How to Take Good Pictures of Yourself

taking a selfie

There are times when you need a picture of yourself, but there isn't anyone else around to take it. Even though it is challenging to take a decent photo of someone you can't actually see, there are some tricks that will help you come up with an image you'll be happy to present to the world.

Setting Up the Background and Camera

Preparing the background and camera before taking the picture can help enhance the overall appearance of the photograph and make your job easier. Taking your own picture is challenging enough. The setup should already be in place.

Choosing a Background

The background should be a reflection of your personality and interests. Another option is to hang a solid-colored sheet for a neutral background. Keep in mind what color clothing you'll be wearing, too. You don't want a black background if you plan to wear black clothing. Instead, try to contrast the background and your outfit so you'll stand out to the camera without clashing against your backdrop.

Portrait photographers typically blur the background slightly and have a sharp focus on the subject of the photograph. Most cameras have a portrait setting that will automate this process for you, and it is best to use that setting if you will be using a timer or remote.

Camera Stability and Focus

If you have a tripod, it's best to use it for this shot. You can use a timer, remote, or with some DSLRs, your phone, to trigger the shutter.

  1. Set the tripod up on a level surface about five to ten feet away from the area you wish to photograph.
  2. Securely place your camera on the tripod. It's always a good idea to set the tripod up first and avoid moving it with your camera attached.
  3. Look through the lens and try to gauge the distance. The distance and zoom will depend on whether you want a close-up or full body shot.
  4. Use a broom or stuffed animal to represent where you will sit. Focus on the object you've chosen and lock the focus on your camera. Do not move the camera without refocusing.

If you don't have a tripod, you can use a level, secure piece of furniture or a few large books to place your camera where you'd like it.

Composing Your Shot

A self portrait is about more than just a good background and a properly set-up tripod. To make your selfie shine, you need to compose the shot just like you would a portrait of someone else. Keep the following tips in mind:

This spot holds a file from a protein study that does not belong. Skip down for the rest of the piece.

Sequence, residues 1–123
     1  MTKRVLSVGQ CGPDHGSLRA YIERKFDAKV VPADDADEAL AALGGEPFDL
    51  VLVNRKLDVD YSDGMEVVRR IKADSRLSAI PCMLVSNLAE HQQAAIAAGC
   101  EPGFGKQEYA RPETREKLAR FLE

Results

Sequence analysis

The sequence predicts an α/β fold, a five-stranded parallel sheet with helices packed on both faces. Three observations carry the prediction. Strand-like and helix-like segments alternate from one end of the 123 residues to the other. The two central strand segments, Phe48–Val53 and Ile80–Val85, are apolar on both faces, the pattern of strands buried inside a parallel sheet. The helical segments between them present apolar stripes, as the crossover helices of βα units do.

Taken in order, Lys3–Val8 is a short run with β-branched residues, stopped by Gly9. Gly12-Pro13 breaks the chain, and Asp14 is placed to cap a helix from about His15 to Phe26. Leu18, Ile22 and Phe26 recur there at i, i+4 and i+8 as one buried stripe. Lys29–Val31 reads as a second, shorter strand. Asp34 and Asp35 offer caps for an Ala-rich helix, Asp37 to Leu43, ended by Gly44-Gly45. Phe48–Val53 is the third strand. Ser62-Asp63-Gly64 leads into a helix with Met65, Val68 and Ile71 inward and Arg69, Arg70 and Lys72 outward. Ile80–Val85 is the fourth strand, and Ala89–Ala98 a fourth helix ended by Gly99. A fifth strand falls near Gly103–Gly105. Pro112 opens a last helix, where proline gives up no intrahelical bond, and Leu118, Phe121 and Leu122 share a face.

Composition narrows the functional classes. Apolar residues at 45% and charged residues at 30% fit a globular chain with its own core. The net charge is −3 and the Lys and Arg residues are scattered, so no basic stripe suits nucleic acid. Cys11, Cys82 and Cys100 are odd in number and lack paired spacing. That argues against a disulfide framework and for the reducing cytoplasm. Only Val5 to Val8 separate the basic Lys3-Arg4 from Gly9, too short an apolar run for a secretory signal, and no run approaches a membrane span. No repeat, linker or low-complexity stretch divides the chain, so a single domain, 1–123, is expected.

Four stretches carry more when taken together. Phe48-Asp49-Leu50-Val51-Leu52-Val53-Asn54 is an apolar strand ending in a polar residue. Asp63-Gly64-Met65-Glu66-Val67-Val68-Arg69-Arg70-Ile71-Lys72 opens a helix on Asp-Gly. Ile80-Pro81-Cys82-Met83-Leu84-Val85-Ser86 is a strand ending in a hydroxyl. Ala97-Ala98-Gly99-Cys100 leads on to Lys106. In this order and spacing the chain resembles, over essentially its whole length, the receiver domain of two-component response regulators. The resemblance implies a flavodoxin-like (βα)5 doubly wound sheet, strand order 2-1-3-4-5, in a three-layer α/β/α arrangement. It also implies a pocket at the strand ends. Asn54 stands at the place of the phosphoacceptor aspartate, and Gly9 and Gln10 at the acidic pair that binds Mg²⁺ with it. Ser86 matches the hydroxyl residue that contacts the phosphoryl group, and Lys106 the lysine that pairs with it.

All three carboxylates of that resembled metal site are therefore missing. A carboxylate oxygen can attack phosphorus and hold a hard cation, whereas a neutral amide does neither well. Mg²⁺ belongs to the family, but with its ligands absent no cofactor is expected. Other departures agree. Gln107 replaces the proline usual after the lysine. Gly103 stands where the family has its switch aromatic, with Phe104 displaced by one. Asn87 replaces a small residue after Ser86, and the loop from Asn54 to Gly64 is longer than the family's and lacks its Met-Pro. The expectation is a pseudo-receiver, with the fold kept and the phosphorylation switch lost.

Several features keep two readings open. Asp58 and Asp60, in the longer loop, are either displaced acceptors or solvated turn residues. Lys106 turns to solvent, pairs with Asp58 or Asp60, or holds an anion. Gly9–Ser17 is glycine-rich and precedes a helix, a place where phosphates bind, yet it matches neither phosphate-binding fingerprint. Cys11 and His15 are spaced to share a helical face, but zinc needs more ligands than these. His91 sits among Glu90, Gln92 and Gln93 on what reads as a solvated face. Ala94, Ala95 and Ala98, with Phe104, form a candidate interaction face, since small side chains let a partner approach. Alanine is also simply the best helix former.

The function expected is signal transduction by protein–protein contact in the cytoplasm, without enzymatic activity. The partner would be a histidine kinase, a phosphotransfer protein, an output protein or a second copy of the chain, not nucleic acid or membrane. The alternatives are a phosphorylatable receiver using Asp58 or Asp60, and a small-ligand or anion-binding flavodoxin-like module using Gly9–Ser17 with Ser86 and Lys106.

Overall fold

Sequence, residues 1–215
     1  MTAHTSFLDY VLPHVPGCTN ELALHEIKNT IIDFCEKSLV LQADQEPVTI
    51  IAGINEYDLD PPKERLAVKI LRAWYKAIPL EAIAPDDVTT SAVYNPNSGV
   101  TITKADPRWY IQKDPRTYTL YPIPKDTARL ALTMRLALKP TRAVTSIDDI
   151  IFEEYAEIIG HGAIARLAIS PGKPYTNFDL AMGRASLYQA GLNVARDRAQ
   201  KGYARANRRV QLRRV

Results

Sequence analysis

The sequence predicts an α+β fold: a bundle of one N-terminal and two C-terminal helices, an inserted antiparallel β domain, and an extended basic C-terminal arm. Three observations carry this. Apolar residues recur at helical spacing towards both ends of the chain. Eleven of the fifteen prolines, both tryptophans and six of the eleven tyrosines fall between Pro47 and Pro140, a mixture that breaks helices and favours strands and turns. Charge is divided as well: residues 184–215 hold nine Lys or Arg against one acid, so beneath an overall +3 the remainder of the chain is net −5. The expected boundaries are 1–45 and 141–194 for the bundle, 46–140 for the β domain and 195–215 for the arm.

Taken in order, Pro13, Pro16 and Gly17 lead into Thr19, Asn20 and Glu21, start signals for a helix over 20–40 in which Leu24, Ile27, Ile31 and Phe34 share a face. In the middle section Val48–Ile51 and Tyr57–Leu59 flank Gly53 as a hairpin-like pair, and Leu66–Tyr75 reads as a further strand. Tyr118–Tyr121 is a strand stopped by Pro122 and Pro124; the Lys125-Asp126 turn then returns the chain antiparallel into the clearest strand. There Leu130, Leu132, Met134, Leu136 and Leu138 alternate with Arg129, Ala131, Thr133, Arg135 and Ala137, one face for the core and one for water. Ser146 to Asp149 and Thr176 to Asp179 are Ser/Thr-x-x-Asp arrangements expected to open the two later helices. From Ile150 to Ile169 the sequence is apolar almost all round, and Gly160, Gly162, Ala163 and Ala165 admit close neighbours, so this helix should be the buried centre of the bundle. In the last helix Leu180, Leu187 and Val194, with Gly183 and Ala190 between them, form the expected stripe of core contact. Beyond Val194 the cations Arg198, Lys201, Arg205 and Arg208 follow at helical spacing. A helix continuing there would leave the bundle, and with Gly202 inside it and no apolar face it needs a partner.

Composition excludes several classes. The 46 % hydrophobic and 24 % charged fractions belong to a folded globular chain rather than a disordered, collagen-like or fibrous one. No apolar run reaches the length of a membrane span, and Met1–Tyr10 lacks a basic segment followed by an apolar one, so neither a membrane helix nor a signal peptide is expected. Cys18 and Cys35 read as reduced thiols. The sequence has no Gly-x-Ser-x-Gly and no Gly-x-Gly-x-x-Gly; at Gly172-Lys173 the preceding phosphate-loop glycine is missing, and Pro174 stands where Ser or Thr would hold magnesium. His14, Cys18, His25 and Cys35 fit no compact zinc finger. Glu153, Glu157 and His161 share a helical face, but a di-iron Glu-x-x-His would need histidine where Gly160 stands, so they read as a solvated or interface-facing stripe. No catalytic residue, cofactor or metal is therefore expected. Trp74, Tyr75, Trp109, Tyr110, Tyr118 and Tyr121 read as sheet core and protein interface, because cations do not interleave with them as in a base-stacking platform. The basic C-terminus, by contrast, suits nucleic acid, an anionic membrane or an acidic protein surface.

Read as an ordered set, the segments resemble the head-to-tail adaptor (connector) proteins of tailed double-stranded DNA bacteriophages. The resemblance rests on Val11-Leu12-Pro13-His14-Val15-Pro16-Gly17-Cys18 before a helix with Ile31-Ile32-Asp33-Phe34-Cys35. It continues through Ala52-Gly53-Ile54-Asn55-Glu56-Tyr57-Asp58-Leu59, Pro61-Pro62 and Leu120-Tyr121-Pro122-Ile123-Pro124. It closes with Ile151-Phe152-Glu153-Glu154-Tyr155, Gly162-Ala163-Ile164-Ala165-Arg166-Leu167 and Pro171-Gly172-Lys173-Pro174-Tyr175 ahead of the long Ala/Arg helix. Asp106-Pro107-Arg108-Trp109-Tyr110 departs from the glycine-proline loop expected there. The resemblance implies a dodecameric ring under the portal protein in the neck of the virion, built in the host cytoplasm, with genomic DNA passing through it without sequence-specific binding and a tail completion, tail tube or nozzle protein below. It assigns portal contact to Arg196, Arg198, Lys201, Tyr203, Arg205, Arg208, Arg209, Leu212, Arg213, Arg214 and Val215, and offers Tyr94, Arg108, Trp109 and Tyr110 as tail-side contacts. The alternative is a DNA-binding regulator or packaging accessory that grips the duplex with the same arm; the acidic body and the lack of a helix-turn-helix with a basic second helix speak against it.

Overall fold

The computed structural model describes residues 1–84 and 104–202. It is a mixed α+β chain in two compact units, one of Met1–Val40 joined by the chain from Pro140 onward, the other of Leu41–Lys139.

• Use the rule of thirds. Imagine the portrait as a grid, with your facial features aligned within. Ideally, place your eyes near the top third of the frame.
  • Leave some space above your head so the shot doesn't feel crowded.
  • Avoid chopping off arms, hands, legs, or feet. You can crop the image at the waist or shoulders if you need to.
  • Take a few test shots and see if the positioning is correct for the type of photograph you want. Since you can't see yourself in the frame, it can be a challenge to get everything to reflect what you have in mind. Practice shots help a lot.

The Right Light

outdoor self portrait

The right light is as important as any other element in your self portrait. Avoid harsh lights as they can wash out your skin, create deep shadows, or make you appear haggard. Professional photographers try to take photographs in soft light. There are a few ways to achieve this.

  • Indoors, you can use natural sunlight near a window. Ideally, the sun shouldn't be shining directly into the window to keep the light nice and soft. Position your camera so it is in front of and to one side of a window and position yourself so the window light falls on your face.
  • Outdoors on a sunny day, you'll want to take the photograph in the morning or late afternoon. You want the sun lower in the sky to keep it from being too bright and harsh. The softer light of early morning and the gentle glow of the hour before sunset offer the most flattering illumination. You can also take your photo in the shade to avoid shadows and bright spots.
  • On a cloudy day, you can take the photo at almost any time and get a flattering result. Look around and notice which part of the sky is brightest and then make sure you're facing that way. This will help light your face and separate you from the background.

Your camera should already be set up, so take some more sample photographs to test the lighting. Is the object that represents you illuminated enough or too much? Do you need to soften the light or add additional illumination?

Your Best Angle

Great portraits happen at all different angles, but when you're taking a photo of yourself, you need a camera position you can trust. Keep these tips in mind:

  • Know that with many cameras and lenses, the part of your body closest to the camera will appear the largest. Remember this as you choose a camera angle and pose.
  • Avoid shooting from below. This accentuates the chin and nose and can actually provide a less-than-flattering nostril shot.
  • Shoot from slightly above. This emphasizes the eyes and face and flatters almost every body type.

Take a Great Phone Selfie

Anyone can take a photo of herself with a phone, but it takes a little thought to make a selfie good. Many of the same rules apply, such as finding a good background, keeping composition and light in mind, and choosing a good angle. However there are some phone-specific considerations to think about.